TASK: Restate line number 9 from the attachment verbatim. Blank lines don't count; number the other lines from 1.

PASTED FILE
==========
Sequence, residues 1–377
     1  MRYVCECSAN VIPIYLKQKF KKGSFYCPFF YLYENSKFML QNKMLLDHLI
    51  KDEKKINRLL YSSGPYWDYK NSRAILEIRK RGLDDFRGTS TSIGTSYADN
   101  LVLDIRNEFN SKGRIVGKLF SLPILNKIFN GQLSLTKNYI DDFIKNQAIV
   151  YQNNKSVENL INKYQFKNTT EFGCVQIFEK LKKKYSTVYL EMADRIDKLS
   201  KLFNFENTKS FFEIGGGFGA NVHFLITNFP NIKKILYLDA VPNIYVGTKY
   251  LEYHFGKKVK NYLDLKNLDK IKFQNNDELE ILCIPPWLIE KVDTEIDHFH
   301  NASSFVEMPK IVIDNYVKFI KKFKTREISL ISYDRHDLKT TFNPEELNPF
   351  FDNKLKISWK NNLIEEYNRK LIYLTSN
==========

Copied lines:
   351  FDNKLKISWK NNLIEEYNRK LIYLTSN